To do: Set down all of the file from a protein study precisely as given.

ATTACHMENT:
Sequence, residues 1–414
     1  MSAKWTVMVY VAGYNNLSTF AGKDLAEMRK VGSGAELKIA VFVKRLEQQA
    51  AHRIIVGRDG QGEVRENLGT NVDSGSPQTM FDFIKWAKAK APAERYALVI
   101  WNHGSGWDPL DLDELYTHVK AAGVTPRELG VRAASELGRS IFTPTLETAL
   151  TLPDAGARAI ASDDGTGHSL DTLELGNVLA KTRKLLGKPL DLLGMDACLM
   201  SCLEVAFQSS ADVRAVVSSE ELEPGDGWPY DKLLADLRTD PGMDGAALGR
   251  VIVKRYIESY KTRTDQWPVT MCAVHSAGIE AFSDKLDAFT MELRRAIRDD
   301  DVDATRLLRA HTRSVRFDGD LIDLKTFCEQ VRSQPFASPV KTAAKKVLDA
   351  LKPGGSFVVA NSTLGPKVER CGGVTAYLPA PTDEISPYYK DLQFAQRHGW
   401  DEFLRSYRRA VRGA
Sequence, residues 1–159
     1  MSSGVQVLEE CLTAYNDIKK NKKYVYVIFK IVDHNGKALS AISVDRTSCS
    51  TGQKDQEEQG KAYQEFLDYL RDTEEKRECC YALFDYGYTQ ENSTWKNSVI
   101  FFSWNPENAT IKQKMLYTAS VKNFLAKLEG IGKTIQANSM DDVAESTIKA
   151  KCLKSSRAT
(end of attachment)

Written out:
Sequence, residues 1–414
     1  MSAKWTVMVY VAGYNNLSTF AGKDLAEMRK VGSGAELKIA VFVKRLEQQA
    51  AHRIIVGRDG QGEVRENLGT NVDSGSPQTM FDFIKWAKAK APAERYALVI
   101  WNHGSGWDPL DLDELYTHVK AAGVTPRELG VRAASELGRS IFTPTLETAL
   151  TLPDAGARAI ASDDGTGHSL DTLELGNVLA KTRKLLGKPL DLLGMDACLM
   201  SCLEVAFQSS ADVRAVVSSE ELEPGDGWPY DKLLADLRTD PGMDGAALGR
   251  VIVKRYIESY KTRTDQWPVT MCAVHSAGIE AFSDKLDAFT MELRRAIRDD
   301  DVDATRLLRA HTRSVRFDGD LIDLKTFCEQ VRSQPFASPV KTAAKKVLDA
   351  LKPGGSFVVA NSTLGPKVER CGGVTAYLPA PTDEISPYYK DLQFAQRHGW
   401  DEFLRSYRRA VRGA
Sequence, residues 1–159
     1  MSSGVQVLEE CLTAYNDIKK NKKYVYVIFK IVDHNGKALS AISVDRTSCS
    51  TGQKDQEEQG KAYQEFLDYL RDTEEKRECC YALFDYGYTQ ENSTWKNSVI
   101  FFSWNPENAT IKQKMLYTAS VKNFLAKLEG IGKTIQANSM DDVAESTIKA
   151  KCLKSSRAT